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Victorian Scientific NaturalismCommunity, Identity, Continuity$
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Bernard Lightman and Gowan Dawson

Print publication date: 2014

Print ISBN-13: 9780226109503

Published to Chicago Scholarship Online: September 2014

DOI: 10.7208/chicago/9780226109640.001.0001

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Evolutionary Naturalism on High: The Victorians Sequester the Alps

Evolutionary Naturalism on High: The Victorians Sequester the Alps

Chapter:
(p.55) 2 Evolutionary Naturalism on High: The Victorians Sequester the Alps
Source:
Victorian Scientific Naturalism
Author(s):

Michael S. Reidy

Publisher:
University of Chicago Press
DOI:10.7208/chicago/9780226109640.003.0003

A disproportionately large percentage of the most prominent evolutionary naturalists, and almost every member of the X-Club, traveled and climbed in the Swiss Alps. John Tyndall and Leslie Stephen, in particular, were simultaneously the most vocal of the evolutionary naturalists and the two most accomplished alpinists of their age. The height of their climbing came in the early 1860s, the same years in which they formulated their agnosticism. This paper will examine their journals and letters to uncover the role that mountaineering played as they formulated and defended a naturalistic framework. The questions the mountains forced them to ask, whether through beauty or desolation, order or chaos (what William Clifford termed “cosmic emotion”) helped influence their common project of formulating an ethic based on nature rather than God.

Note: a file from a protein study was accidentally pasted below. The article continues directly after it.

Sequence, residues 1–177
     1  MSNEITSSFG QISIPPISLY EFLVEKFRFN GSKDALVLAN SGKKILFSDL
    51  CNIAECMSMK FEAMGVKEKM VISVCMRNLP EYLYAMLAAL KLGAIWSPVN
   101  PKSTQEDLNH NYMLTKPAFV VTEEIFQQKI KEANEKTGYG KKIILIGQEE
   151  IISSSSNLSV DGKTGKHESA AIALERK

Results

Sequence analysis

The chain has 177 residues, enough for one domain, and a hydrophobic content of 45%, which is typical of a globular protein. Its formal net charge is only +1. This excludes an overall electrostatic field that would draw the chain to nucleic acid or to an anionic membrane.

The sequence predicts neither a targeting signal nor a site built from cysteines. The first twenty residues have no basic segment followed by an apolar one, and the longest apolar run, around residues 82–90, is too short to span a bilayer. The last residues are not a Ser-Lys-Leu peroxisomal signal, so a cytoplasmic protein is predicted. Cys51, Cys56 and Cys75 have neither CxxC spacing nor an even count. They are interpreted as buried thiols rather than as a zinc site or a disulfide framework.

Keywords:   John Tyndall, Leslie Stephen, Mountaineering, Alps, Agnosticism, X-Club, Switzerland, evolutionary naturalism, William Clifford, Climbing

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